Deep dish carbon rims, carbon hubs, tubular or clincher, low spoke counts and high dollar counts. Clear enough for ya?

    I don’t think ‘light’ equates to ‘race’ either, especially as most non-pro races, yes the ones that everyone here partakes in, are usually on flat courses. A set of 404s or 808s aren’t gonna help you if you are Too Fat To Climb.

    The main advantage of deep dish wheels is aero, yes? So most normal folk, i.e. us, will benefit more from a light, strong, low-profile, traditionally laced wheel. And they just look better!

    And this argument between you two dillrods can be fixed by understanding the middle ground. We all want to Look Fantastic out there, regardless of wether or not we’re going to be bumping elbows Giblets. We’re not.

    Butit’s fun to have a set of special, light wheels that you can bring out for when you’re racing your local Masters Tuesday Night Crit. Or your favorite hilly club ride. Get them, but save them for those special rides.

    (Looking at you Frank. You have the sexy Zipp clinchers, but you rode the Ambrosio’s laced to the Royce Hubs at the Seattle Cogal. And they were ‘better’. See what I’m saying?

  44. @scaler911!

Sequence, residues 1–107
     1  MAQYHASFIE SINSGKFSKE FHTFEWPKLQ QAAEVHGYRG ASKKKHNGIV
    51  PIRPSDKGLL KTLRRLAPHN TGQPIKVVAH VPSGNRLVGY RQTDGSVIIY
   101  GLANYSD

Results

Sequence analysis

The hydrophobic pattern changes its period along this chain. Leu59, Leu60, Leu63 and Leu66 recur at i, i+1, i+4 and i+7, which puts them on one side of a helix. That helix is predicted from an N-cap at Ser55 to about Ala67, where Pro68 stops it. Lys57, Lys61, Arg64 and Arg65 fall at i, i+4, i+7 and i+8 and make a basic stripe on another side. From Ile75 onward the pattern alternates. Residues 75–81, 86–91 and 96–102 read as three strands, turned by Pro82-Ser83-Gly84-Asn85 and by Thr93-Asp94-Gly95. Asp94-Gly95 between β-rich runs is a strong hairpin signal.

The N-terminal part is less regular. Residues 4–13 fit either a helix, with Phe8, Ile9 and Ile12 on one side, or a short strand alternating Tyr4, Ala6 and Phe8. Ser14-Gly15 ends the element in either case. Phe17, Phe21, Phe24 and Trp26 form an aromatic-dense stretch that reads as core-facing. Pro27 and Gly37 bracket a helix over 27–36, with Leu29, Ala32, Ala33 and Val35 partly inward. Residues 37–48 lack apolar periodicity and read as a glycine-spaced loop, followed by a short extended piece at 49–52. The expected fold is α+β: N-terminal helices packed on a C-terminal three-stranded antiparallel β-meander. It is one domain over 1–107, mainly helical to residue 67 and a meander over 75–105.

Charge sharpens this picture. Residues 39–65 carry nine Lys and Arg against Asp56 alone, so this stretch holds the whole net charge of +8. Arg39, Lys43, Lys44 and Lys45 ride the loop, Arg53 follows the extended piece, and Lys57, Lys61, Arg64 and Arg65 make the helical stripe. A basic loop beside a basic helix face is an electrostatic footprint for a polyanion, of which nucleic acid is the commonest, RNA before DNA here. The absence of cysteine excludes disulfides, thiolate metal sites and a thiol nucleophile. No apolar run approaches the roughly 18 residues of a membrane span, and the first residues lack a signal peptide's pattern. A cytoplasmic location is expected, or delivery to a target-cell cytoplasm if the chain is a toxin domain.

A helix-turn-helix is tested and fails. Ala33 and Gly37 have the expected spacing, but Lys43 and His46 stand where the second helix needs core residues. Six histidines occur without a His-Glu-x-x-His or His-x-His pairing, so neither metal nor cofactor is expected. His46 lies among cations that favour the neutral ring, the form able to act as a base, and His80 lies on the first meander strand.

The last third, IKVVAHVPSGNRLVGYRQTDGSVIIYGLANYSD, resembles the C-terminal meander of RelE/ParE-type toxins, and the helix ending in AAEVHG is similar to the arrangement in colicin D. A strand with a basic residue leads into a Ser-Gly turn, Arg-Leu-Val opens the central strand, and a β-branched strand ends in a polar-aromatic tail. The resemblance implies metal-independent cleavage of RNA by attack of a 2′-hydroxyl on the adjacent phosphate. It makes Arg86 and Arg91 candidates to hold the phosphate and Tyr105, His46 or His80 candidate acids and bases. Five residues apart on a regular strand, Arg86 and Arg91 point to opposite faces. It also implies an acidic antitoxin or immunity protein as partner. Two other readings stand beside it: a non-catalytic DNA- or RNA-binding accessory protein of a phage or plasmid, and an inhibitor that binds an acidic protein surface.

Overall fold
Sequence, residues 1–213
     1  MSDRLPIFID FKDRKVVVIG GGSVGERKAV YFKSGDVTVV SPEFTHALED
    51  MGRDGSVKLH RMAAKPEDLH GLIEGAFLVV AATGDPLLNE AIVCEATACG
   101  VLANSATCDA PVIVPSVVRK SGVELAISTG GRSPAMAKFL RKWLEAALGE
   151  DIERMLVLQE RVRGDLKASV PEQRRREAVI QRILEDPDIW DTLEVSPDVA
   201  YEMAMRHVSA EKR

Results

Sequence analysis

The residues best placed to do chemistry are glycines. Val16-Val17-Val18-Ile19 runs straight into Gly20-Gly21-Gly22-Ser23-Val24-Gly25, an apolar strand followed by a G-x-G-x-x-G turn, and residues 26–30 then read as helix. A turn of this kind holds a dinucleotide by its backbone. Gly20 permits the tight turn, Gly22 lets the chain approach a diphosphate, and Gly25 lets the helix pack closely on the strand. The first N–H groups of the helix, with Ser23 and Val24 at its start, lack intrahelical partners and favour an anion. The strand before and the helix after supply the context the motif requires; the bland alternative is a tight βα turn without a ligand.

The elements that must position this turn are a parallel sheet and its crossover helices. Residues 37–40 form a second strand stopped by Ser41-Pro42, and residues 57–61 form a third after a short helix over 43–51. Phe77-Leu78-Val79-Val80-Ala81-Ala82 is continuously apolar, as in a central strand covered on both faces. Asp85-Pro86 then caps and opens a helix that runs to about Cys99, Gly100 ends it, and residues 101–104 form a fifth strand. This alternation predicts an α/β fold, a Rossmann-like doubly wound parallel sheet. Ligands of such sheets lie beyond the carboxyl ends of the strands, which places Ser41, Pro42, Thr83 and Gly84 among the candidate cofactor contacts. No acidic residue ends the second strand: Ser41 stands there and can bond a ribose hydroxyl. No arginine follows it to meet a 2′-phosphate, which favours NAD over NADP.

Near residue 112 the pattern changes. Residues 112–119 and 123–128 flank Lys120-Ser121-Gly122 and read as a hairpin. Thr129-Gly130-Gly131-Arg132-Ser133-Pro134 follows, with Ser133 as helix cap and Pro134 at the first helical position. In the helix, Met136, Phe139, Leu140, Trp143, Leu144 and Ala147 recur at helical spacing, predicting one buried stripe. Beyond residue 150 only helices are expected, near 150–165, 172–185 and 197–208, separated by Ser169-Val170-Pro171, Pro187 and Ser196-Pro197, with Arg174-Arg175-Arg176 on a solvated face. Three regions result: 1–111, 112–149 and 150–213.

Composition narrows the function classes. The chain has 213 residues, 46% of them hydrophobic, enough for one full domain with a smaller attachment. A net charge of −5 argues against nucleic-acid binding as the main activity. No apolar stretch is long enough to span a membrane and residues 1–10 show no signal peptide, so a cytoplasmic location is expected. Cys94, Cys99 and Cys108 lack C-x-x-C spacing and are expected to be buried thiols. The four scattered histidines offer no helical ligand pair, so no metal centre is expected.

And this argument between you two dillrods can be fixed by understanding the middle ground. We all want to Look Fantastic out there, regardless of wether or not we’re going to be bumping elbows Giblets. We’re not.

    Butit’s fun to have a set of special, light wheels that you can bring out for when you’re racing your local Masters Tuesday Night Crit. Or your favorite hilly club ride. Get them, but save them for those special rides.

    (Looking at you Frank. You have the sexy Zipp clinchers, but you rode the Ambrosio’s laced to the Royce Hubs at the Seattle Cogal. And they were ‘better’. See what I’m saying?

    I have to agree with this, If I’m going slow enough that people can see what I’m riding then I want to look fabulous doing it.

  45. Firstly, I applaud the continued high standard of articles by Frank. Your levels of obsession know no bounds and make me feel better about my own slight affliction

    Secondly, my tuppenceworth, it seems to me (as a relative Pedalwan) there are two rules for wheels

    1. If you ride on your own, choose whatever fucking wheels you want, provided they look pro

    2. If you ride in a group, ride the wheel appropriate to the level of hurtin’ you can dish out and/or handle. Seems to me from my limited experience of group riding, there is a subtle issue of respect to be given and earned and a flashy aero bike and wheels risks offending this principle. That said, I think your equipment needs to inspire you

    I was told aero only required if operating at an avg of 36kph and above?

    I’m on Ksyrium Elites, next wheelset planned is H Plus Son archetype rims, Chris King hubs and sapim spokes – would love to hear the groups thoughts